Mary Wilson, a founding member of The Supremes and a legend in her own right, has died at the age of 76 in Las Vegas, NV.
I feel very fortunate to have met her, way back in the early 1990s. At the time, I was working for Frank Rio, a gruff, older music agent at the William Morris Agency who smoked cigars all day long and screamed at me to get people on the phone such as Rich Little, Dionne Warwick, Nell Carter, Donna Summer, The Smothers Brothers, and The Pointer Sisters. It was my first foray into the entertainment business, and I loved every ridiculous and stereotypical minute of it.
As a result of working for such a powerful agent, I ended up becoming very close with many of the artists’ managers who I dealt with on a daily basis. One such manager was Chip Lightman who counted Mary Wilson as one of his clients. Since both Rich Little and Mary Wilson were performing together as a double bill in Las Vegas, we all decided to go (and by “we” I mean me, Frank, Chip, and my now-ex-wife Joy).
I had a fabulous relationship with Rich Little at the time, so I really went to support him; Mary Wilson was his opening act and someone who I’d had no contact with prior to this trip.
That was all about to change.
For unbeknownst to me, Chip had secretly asked Mary to single me out during one song in her set where she pulled an audience member up onto the stage with her.
When Joy and I arrived at the theater, we were shown to a nice booth with a beautiful view of the stage. However, moments later, Chip came running up to us and said, “Dario, you’re too far away back here. Come on up and sit in the front!” Never one to turn down such a seat, I happily moved to a table that abutted the stage. I always liked to be front and center. And I was about to prove this true.
Having never seen Mary Wilson perform live before, I was quite taken with her; not only was her voice strong and supple, but her stage presence was masterful to witness. I was truly caught up in her magic. Next thing I know, she teases, “And now I need help from someone in the audience…” Her voice trailed off and she looked straight down at me. “You!” she said, pointing her finger at me. “Get up here, honey.” I quickly glanced at Joy to gauge her reaction, and she looked stricken with shock. That made me laugh because, as quiet as I can be, there’s nothing I want more than to be on stage.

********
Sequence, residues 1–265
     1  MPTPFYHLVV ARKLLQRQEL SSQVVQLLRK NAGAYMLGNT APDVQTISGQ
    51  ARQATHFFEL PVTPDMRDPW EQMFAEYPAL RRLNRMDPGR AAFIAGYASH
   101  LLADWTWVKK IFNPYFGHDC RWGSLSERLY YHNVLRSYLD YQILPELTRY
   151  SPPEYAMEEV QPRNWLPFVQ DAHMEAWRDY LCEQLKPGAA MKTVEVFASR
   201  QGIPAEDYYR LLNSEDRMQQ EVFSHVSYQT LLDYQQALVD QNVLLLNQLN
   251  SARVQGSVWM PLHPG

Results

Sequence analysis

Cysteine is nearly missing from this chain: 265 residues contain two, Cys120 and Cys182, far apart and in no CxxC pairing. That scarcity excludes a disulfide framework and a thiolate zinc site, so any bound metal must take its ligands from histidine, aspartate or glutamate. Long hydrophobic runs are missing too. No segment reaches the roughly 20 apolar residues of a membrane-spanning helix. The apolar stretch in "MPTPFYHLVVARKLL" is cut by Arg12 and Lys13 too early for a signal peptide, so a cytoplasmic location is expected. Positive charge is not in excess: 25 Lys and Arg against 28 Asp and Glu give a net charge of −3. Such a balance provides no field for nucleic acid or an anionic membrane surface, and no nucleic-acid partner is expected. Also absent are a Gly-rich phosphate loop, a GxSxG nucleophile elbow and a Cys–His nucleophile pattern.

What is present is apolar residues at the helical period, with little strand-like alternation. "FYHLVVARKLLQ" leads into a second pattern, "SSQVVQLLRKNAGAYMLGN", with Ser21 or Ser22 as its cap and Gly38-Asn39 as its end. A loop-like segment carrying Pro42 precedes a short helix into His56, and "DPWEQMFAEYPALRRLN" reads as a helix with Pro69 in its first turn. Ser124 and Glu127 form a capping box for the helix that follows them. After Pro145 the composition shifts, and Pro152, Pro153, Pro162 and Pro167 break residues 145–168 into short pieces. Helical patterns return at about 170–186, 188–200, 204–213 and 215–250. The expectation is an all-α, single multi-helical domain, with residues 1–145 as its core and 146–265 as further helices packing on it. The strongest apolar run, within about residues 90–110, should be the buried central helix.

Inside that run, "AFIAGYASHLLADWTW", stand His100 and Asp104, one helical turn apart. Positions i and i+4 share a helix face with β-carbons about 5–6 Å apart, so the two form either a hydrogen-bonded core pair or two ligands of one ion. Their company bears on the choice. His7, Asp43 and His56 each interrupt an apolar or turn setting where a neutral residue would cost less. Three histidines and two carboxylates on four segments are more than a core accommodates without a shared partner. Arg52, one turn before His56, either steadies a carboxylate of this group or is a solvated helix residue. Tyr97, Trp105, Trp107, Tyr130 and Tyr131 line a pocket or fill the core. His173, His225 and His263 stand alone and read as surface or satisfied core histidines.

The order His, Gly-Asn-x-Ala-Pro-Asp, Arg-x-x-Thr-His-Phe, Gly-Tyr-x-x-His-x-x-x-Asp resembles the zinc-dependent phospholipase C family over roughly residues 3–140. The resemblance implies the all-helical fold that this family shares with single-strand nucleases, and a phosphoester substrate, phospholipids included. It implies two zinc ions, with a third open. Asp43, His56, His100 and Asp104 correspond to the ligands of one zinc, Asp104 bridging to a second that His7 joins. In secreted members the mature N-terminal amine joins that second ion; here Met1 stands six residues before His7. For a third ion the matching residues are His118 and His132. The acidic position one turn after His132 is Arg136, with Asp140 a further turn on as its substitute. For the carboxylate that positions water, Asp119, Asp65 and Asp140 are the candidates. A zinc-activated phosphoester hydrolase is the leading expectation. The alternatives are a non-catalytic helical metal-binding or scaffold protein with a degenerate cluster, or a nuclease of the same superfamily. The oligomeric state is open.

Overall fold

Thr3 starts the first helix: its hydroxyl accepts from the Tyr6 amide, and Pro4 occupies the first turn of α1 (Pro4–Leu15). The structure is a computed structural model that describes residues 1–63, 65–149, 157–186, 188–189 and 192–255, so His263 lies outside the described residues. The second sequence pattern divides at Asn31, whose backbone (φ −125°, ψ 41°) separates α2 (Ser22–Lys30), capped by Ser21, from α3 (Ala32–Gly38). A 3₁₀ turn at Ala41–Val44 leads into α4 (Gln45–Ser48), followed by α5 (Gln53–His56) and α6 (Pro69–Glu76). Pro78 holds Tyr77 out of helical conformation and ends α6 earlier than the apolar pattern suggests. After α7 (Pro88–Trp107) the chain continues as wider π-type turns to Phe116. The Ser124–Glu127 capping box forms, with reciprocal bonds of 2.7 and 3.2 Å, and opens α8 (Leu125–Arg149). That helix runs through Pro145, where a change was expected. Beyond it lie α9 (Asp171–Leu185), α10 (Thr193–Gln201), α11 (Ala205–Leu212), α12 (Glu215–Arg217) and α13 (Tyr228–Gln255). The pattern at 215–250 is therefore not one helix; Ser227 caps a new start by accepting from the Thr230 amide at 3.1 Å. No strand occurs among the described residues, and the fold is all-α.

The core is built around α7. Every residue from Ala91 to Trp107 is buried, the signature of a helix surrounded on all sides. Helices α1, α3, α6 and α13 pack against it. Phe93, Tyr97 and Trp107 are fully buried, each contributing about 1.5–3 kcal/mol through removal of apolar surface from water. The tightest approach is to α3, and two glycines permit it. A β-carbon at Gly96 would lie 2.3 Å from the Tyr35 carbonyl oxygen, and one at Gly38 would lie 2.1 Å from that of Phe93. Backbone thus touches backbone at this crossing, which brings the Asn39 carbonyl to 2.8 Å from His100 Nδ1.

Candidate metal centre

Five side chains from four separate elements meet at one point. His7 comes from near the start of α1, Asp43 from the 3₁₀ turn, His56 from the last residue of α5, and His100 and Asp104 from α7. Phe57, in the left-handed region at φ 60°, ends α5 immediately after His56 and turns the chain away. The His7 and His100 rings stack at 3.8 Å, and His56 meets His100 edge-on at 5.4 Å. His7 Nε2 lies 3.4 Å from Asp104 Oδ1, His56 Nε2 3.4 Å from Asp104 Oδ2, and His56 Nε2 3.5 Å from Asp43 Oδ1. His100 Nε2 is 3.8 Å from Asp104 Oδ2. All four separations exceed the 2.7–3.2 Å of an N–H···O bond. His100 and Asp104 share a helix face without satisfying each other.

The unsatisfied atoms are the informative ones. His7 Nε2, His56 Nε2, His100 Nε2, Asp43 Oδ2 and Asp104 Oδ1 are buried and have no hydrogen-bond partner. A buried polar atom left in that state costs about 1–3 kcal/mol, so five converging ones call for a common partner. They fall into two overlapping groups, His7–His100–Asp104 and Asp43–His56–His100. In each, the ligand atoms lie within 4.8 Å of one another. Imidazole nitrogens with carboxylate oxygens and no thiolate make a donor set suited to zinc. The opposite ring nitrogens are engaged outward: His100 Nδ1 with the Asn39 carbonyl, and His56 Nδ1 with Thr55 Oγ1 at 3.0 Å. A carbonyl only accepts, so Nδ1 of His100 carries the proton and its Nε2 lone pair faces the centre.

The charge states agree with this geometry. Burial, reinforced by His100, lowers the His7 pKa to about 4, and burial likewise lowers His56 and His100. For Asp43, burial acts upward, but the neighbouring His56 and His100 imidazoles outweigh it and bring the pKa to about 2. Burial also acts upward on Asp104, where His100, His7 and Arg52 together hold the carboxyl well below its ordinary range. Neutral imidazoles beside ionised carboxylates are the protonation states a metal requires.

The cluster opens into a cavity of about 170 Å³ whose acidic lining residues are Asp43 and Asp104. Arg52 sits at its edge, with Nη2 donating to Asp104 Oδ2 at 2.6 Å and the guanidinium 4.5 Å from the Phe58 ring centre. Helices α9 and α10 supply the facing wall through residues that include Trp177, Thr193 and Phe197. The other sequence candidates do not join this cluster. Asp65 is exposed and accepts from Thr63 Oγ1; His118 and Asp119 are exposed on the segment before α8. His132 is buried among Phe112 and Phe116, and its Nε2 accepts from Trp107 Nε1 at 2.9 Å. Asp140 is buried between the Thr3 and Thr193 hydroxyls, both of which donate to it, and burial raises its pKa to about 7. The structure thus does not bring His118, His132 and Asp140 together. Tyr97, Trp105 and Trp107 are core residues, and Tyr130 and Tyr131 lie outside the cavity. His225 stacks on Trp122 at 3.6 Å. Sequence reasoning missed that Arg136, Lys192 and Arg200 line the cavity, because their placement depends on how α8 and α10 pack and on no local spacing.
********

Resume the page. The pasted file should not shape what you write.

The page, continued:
So up I went, scrambling onto the stage to the band playing The Rolling Stones’ “Brown Sugar.” Next thing I know, I’m slowly taking off my suit jacket as if I’m doing a strip tease, dropping it off the stage onto my wife’s lap before working on loosening up my tie. Once that’s off, I run over to the background singers and chirp “Brown sugar!” with them into the microphone like I’m a part of the band. And don’t get me started on the guitar solo because, well, I can only imagine what I looked like playing air guitar next to the stunned musician on stage. I looked HOT, okay?! I could hear the audience howling and clapping along, which only pushed me farther over the edge. By the end of the song, I had my arm around Mary and was singing into her mic, wailing “Yeah, yeah, yeah, wooo!” It was EPIC.
When the song ended, I received a standing ovation. I’m not even kidding. That’s when I started blushing and stumbling my way back off the stage and down to my seat. When the crowd finally settled down, Mary goes, “Well. My heavens. I was told that he was shy.” I couldn’t help but laugh along with everyone else. Chip had set me up since he thought I’d be mortified. Quite the opposite, as you now know.
After the show, both Mary and Rich Little gave me some good-natured ribbing about my “Brown Sugar” number. (Rich was in on the scheme too.) Mary was so sweet about it all, and I can still recall her glorious laugh.
I’ve always treasured this memory, and I shall truly miss her. Rest in Peace, Mary. I hope you’re shaking your booty to “Brown Sugar” up in heaven. 🙏 😇